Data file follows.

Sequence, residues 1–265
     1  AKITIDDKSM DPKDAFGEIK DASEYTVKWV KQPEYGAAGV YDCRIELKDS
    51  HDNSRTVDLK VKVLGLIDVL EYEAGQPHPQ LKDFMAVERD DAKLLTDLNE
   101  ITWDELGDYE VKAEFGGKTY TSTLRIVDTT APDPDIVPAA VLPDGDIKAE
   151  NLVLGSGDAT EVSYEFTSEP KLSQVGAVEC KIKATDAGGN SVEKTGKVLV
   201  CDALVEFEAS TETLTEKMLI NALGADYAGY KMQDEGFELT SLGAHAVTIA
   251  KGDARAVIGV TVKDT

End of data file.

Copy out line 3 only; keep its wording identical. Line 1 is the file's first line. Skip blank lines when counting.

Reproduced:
    51  HDNSRTVDLK VKVLGLIDVL EYEAGQPHPQ LKDFMAVERD DAKLLTDLNE